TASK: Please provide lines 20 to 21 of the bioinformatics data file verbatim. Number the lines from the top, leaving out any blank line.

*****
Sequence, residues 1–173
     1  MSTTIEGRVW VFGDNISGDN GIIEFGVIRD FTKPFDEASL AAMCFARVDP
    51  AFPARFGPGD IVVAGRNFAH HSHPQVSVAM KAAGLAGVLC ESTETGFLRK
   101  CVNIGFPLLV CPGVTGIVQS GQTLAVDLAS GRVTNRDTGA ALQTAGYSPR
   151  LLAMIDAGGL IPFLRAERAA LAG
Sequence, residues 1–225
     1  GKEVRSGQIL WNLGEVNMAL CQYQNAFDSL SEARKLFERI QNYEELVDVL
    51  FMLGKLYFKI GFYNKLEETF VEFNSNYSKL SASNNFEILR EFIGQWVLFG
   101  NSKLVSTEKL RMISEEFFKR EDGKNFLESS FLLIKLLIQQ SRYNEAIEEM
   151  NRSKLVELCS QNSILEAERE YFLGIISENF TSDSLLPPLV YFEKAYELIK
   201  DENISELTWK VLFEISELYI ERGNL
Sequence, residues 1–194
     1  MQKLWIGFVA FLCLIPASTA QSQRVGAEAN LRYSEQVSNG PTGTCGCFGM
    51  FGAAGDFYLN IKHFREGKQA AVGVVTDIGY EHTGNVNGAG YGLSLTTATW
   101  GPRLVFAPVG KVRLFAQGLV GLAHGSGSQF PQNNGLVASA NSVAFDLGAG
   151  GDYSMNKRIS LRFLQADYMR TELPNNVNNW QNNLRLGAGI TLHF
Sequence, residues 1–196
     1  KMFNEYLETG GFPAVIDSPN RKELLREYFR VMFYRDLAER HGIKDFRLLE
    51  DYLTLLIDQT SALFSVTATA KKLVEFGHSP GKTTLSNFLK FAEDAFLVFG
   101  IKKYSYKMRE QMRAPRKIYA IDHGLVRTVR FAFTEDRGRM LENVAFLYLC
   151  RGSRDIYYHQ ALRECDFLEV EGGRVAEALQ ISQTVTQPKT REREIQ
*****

   101  IKKYSYKMRE QMRAPRKIYA IDHGLVRTVR FAFTEDRGRM LENVAFLYLC
   151  RGSRDIYYHQ ALRECDFLEV EGGRVAEALQ ISQTVTQPKT REREIQ